On the terrifying car ride to the broker’s place to sign the lease, we began chatting about the neighborhood.
“Is it always this quiet on the weekends?” I asked.
“Uh… yeah. Yeah,” he reluctantly responded.
“There seems to be a lot of shops and food stores around,” Joe happily remarked.
“Oh yes!” was his enthusiastic response, “there are tons of places to eat and things to see and do! You guys are going to love it here.”
Laughter was had, hand shakes were exchanged and about 200 signatures later, we became the official owners of our very first apartment.
It is four months later, and all I can say is that life in Midwood was not as we expected. The area is predominately populated by Orthodox Jewish folk– which actually dictates much more of our lifestyle then we had ever imagined. The only non-kosher food market is 10 blocks away. Every store is closed from sundown on Friday evening to sundown on Saturday. You cannot order cheese and meat in the same location, and in fact if you do, it is highly offensive. You cannot buy any women’s pants and should refrain from wearing shorts in public. If you are obviously not Jewish (as I’m not) many will attempt to speak to you in Russian. Though Brooklyn College is close, I lack any interaction with actual peers. There are no bars.
As a woman who once drove herself to the food store, could walk down the street in shorts and look men in the eye to say hello without feeling an ounce of guilt, life is quite different.
Don’t mistake this post as a bigoted one–I do not harbor any hate for the community I am cohabiting with, rather I find almost everything about it comically different. I’m just saying, if you think that I live like Carrie Bradshaw, swigging back afternoon cocktails and making millions off of 1,000-word freelance columns, you can rest assured that I most certainly am not. I’m just a lonely Gentile in search of a deli where I can get a turkey and cheese sandwich in this crazy, mixed up world.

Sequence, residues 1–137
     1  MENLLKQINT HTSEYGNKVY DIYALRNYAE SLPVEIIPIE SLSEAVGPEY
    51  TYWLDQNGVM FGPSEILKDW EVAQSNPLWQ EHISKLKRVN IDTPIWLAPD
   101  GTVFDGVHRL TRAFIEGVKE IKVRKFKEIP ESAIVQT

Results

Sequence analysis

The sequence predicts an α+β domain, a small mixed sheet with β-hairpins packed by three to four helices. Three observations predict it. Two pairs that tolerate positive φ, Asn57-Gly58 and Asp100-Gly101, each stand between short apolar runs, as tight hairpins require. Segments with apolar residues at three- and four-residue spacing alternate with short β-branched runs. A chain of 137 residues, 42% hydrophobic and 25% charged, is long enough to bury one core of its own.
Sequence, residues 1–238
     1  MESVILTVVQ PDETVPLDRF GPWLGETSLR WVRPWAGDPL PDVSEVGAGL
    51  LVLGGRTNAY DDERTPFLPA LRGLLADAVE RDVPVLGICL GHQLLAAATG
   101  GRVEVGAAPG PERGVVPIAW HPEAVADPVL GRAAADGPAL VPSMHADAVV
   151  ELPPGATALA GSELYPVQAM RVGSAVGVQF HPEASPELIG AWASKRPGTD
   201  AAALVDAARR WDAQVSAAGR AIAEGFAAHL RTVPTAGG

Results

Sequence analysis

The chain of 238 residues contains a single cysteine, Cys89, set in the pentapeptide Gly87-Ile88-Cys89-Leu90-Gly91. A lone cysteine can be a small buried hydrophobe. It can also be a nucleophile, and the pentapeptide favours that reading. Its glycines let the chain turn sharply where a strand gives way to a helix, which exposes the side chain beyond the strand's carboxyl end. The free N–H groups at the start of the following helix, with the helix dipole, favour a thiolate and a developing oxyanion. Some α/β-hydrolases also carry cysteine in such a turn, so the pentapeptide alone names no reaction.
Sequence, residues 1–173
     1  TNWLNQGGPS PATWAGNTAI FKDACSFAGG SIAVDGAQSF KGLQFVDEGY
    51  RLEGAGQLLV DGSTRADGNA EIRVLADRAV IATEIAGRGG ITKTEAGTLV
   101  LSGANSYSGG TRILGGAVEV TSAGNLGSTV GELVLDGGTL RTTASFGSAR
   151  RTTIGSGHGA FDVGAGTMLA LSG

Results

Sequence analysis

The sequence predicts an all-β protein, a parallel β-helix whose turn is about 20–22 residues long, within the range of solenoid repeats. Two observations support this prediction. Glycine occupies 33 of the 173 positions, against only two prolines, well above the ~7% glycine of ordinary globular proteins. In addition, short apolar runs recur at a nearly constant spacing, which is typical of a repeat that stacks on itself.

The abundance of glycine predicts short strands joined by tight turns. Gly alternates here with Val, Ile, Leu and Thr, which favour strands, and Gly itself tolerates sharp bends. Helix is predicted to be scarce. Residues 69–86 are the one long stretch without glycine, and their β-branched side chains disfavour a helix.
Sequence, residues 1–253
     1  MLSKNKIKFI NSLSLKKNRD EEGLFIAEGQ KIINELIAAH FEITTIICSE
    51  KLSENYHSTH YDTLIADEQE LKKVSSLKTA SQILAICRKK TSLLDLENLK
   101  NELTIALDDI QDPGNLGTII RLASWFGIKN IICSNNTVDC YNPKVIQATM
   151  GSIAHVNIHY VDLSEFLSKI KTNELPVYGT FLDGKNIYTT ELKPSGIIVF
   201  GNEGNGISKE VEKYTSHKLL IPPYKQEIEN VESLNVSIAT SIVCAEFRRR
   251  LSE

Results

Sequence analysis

Of course food has always been in my life in the literal sense, what with it being necessary for life and all. But everyone I know, especially everyone in Philly, does not eat to live. We live to eat.
Whether we ponder the best location for our signature sandwich our quibble over the best way to make meatballs, Philly has food on the mind. So it should be no surprise that when prep work for Philadelphia RowHome Magazine‘s annual Food Issue began, the mood in our quaint office turned to utter excitement. Every event we co-host features meals from our Network that make your jaw drop in utter foodilicious (yeah, I just said that) ecstasy. So we figured, why not allow our readers to experience the joy we do? We reached out to our network as asked them to share a recipe, either from their menu or the familial archives for us to share via our print and website–which we are in the process of improving. And boy, did people respond! Our new issue is going to be packed to the gills with delicious recipes and food related content to make your next family dinner truly RowHome Grown!
Speaking of content that will make you drool, have you checked out The Daily Meal yet? Aside from featuring some of the most delicious recipes on the web, they have extremely helpful tips for all things food and fun. One of the best moments in my short career was getting the opportunity to freelance with them, and even cooler was getting syndicated on sites like Yahoo! Shine News and The Huffington Post. Be sure to visit frequently too see what’s going on.
I’ll leave you with this gem: When ever I say the words “I Love Food” one of the fondest memories I have comes to mind. At the tender age of 14 (maybe older) my best friend Lauren and I were having a sleep over. What is a fabulous idea for two girls to do at 3 am? Raid my mom’s refrigerator. We found Boston Creme Pie, cut ourselves two hearty slices and began silently gorging. I look up to say something to Lauren and she looks at me with nothing but pure love/adoration in her eyes and says with a mouth full at the same time I do “I LOVE FOOOOD.”
Here’s to hoping that I can share that love with you for years to come!